Archipelagos Intern Experience

An insight into conservation at Archipelagos

Microplastics found under microscope analysis in the facilities of Archipelago Institute. Microplastics are anthropogenic pollutants that enter the water column in two different ways: either as primary sources, known as nurdles or pellets, or as secondary sources from larger plastics fragmented by sun, wind and water forces. These particles measure up to 5mm and are
Bioacoustics is the study of sound produced by living organisms and how sound affects them. It’s an important area of research especially in the marine world as sound is amplified underwater and acoustic interactions are thought to be just as important as visual interaction. Cetaceans produce 3 distinct types of noise: Whistles – This type
Background Public awareness is rising for the danger plastics are causing to the marine environment, but it can still improve further. Tourists are a major part of a beaches population during the summer months of a year, their presence can have both positive and negative effects. They bring many items to the beach and can
Recognising an individual within a study population is a key issue in many behavioural and ecological studies of animals. A good method for this is photo-identification (photo-ID), a technique that is based on the repeated identification of individuals through pictures. It is an important, non-invasive tool since marine mammals do not have to be physically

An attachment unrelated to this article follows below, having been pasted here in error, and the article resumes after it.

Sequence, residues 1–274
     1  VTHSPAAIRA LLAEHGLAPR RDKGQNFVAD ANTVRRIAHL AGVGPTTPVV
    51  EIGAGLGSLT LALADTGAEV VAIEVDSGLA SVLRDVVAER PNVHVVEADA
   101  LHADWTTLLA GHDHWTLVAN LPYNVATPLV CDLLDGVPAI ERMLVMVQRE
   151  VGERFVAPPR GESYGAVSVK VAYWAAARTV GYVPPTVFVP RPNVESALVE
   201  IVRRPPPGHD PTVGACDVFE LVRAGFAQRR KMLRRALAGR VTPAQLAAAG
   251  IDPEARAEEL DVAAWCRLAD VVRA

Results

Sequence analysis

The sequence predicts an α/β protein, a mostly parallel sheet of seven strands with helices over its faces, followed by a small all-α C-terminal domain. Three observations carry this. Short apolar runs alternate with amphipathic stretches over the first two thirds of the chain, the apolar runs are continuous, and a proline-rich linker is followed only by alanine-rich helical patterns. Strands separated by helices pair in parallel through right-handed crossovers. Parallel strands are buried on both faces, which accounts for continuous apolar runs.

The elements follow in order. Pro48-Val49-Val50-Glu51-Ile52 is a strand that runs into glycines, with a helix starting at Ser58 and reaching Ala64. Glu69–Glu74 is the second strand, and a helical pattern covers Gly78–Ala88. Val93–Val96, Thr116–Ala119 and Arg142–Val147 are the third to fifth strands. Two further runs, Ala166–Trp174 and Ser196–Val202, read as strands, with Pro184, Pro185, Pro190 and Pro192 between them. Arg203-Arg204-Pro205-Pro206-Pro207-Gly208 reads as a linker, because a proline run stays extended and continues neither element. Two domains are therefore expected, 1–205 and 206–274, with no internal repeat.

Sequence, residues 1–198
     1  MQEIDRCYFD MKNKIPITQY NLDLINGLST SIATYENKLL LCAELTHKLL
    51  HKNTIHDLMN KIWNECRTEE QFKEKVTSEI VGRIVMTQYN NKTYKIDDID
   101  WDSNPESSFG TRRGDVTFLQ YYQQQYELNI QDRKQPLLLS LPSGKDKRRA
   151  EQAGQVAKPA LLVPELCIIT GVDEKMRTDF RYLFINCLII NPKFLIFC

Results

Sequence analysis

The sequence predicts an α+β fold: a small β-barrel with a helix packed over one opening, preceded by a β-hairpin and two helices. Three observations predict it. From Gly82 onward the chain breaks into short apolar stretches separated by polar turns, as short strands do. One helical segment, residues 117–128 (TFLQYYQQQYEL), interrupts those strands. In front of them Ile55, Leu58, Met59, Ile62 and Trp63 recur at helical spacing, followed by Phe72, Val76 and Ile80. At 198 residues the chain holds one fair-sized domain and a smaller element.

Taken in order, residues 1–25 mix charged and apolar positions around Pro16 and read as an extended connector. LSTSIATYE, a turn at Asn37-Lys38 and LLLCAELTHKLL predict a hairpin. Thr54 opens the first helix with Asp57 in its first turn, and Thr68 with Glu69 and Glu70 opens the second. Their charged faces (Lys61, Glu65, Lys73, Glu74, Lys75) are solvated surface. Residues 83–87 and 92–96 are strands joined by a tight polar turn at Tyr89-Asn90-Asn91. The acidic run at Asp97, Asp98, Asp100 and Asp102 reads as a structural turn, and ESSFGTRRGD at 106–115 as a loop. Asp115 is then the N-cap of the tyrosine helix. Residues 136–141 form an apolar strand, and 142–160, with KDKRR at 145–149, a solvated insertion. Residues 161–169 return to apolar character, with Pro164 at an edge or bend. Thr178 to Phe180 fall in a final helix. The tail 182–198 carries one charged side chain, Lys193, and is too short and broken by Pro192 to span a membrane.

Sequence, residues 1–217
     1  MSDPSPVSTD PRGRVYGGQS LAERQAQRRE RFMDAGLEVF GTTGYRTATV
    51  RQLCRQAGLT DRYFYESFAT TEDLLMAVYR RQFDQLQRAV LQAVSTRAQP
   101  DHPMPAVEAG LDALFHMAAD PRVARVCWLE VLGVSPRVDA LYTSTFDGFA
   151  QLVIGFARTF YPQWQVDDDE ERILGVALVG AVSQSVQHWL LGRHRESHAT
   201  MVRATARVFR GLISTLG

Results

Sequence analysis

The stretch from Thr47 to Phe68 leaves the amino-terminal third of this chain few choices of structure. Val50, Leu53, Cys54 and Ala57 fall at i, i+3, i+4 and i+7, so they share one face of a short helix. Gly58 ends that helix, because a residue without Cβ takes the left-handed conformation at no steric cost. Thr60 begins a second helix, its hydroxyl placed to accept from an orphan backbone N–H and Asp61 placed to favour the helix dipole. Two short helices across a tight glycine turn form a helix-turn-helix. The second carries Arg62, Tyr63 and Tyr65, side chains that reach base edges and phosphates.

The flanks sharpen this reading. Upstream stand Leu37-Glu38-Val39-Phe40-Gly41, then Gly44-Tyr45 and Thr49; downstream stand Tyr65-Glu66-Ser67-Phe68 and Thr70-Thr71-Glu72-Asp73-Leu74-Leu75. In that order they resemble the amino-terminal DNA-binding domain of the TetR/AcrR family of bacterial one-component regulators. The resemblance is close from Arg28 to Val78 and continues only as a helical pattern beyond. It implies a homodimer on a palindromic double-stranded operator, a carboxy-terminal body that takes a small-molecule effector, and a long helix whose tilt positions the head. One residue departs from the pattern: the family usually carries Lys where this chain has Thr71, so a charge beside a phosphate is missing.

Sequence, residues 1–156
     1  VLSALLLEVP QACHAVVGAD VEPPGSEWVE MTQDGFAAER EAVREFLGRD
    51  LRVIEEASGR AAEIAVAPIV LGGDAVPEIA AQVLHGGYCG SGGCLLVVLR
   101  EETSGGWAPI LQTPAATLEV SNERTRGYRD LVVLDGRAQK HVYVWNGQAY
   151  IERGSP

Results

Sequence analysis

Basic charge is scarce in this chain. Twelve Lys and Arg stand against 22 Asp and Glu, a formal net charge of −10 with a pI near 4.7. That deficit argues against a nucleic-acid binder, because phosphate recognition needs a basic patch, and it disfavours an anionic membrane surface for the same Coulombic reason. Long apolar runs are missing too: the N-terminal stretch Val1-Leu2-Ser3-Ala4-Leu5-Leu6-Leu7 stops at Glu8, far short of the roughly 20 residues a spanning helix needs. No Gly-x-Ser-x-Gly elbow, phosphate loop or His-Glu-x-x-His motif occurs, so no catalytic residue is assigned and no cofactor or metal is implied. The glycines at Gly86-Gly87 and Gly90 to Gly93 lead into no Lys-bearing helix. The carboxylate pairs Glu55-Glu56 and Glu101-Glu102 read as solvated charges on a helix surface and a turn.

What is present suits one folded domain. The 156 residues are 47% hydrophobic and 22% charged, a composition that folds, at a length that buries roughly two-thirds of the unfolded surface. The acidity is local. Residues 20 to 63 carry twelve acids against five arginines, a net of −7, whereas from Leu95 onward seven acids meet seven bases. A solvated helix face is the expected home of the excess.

As winter arrives, it brings along various species of birds that are travelling from different parts of the world, migrating from their origin to seek better food resources, nesting areas, and climate conditions that correspond to changes in their environment. Due to the collective anthropogenic impacts worldwide, which have accumulated overtime since the industrialisation period
An important part of science is the way it is presented. The media team plays a large role in this at Archipelagos. Infographics, scientific posters, business cards; our interns are always designing things to communicate what we do at the institute. A primary part of our work  is data visualisation. Data visualisation is the presentation
Here at Archipelagos we have a stranding response program put in place in order to deal with both live and dead strandings. When a live stranding is reported, the team administer first aid to the animal if required. The turtle is then either returned straight back to the water or brought back to the base
Posidonia oceanica is a seagrass species that grows in dense meadows or along channels in the sandy parts of the Mediterranean Sea and is usually found at depths between 1–35 m, depending on the water clarity. This species is exclusively found in the Mediterranean Sea, occupying an area of about 3% of the basin. This
Seagrass meadows are considered to be a crucial coastal ecosystem at global scale which contribute, alongside mangroves and tidal marshes, to ‘Blue Carbon’ storage. These coastal ecosystems through the process of photosynthesis sequester (capture) and store large quantities of carbon within the plants themselves and the underlying sediment layer. In fact, seagrass in some cases can